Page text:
A Technomarket Profiling Case History

How Technomarket Profiling was used to correlate high performance lubrication with value.

Market: INDUSTRIAL LUBRICANTS

Before Technomarket Profiling was undertaken, this single page in a lubricants catalog was the only information the company offered on the product. Their customers were expected to base their buy decision solely on this summary of product specifications, plus the promise that unspecified lubrication services were included in the price.

The company claimed this product was a high performance lubricant. Price premiums were justified by the inclusion of unspecified services. Competitors began to offer services also; customers were asking—

”Why should I pay more if you can’t even show me why its better than a standard lubricant?”

The sales force had no answer. A market research report on lubricants the company had commissioned had even less to say about the price question —

“The price of industrial lubricants ranges from $0.55/lb. to $5.00/lb. depending on performance characteristics and the amount of service provided by the supplier.”

Clearly, something more was needed. Technomarket Profiling was commissioned.


Technomarket Profiling showed, for the first time, a direct correlation between premium performance lubrication and value. All competitive products were evaluated through the use of experiential modeling.

A Glossary of properties was developed and all properties were then measured, ranked and put into interactive Excel spreadsheets by an Expert Panel comprised of both internal and external experts in lubricant technologies.

Click here for a full sample glossary on another project - PVC siding.

Click here for a sample Excel spreadsheet on aonther project - PVC siding.

General performance areas were dissected into subfactors. The relationship between TMP Value and lubrication economics was determined for all important industrial applications.

One of the most stunning results was the Lubrication Economic Ratio vs. TMP Value and the Lubricant Price vs. TMP Value graphs shown directly below. ”TMP Value” is the sum of all performance factors and subfactors; these graphs demonstrate that each application requires a specific TMP Value for best overall economics. For additional detail, see the other examples at the bottom of this page (Figures 1-4).

This graph shows that a product with a TMP Value of 1200 is required for best overall economics. (Each point on the curve represents a different product.)

This graph shows that a product with a TMP Value of 1200 is required for best overall economics. (Each point on the curve represents a different product.)

Internal and external experts participated in experiential modeling sessions. The structured process ranked all properties common to bearing grease and developed a scale which describes overall performance in the machine.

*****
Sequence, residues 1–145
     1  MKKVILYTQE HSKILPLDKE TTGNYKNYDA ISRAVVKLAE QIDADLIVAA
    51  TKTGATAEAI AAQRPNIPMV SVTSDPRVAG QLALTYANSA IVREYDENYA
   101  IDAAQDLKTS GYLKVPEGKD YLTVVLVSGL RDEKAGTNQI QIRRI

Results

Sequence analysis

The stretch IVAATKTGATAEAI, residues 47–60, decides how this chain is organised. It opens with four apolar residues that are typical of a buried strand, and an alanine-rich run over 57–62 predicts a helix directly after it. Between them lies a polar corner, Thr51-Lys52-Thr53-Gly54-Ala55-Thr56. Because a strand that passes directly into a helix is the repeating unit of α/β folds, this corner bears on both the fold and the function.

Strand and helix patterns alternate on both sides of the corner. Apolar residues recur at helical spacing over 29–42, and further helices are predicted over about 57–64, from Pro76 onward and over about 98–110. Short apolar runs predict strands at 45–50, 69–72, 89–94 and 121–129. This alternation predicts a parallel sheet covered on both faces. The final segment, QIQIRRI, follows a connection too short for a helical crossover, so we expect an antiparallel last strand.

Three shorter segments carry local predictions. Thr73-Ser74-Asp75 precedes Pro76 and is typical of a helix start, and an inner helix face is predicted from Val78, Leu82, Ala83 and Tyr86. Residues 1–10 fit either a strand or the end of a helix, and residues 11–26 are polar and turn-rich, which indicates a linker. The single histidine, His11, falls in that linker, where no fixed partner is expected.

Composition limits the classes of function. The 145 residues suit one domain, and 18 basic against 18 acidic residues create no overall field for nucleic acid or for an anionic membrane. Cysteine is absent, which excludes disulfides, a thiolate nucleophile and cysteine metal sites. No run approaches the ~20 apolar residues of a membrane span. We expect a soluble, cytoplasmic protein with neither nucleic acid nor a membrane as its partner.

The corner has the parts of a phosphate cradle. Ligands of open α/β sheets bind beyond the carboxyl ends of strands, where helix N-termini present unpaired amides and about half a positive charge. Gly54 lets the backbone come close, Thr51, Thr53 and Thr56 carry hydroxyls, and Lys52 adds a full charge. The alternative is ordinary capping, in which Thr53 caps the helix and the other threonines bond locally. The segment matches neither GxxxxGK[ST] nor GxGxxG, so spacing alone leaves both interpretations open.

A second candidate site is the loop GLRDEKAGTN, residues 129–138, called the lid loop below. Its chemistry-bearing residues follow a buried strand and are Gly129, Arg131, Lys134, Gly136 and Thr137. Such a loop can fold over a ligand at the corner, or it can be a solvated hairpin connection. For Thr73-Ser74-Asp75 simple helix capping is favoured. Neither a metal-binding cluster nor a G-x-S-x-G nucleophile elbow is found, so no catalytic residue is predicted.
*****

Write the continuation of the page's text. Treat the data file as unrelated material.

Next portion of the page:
No longer is it necessary for the customer to decipher how NLGI Grade, Thickener Type, Dropping Point, Base Fluid Viscosity, Timken EP, and Four Ball EP Test correlate with lubrication performance and economics. It is only necessary to understand that these correlations have been made by lubrication experts who can now simply explain the difference between high and standard performance.

Standard laboratory tests were correlated with TMP Value. The company also makes this data available to interested customers.

Technomarket Profiling established the correlation between TMP Value and unit lubricant price. The sales force now had a valuable tool which could be used to illustrate why it is necessary to use more expensive additives to produce higher TMP values. The company is now stressing that they are the lowest cost producer of each TMP Value category. No longer is it possible for competitors to claim that they have the same product because of nondescript specifications that do not correlate with machine performance.

Figure 1: Template for ranking performance factors of High vs. Standard performance products. Input was gathered from internal & external industry experts

Figure 2: Resulting data is plotted as ’Primary Properties’ graph, which ranks & shows relationships between major performance areas & criteria.

Figure 3 & 4: Major performance areas are further broken down into ‘Subfactors’, two of which are shown here. They are then ranked according to their importance to the market. Note that the scale for ’TMP Value’ (y-axis) differs from graph to graph, reflecting the relative importance of all the different properties as seen by the market.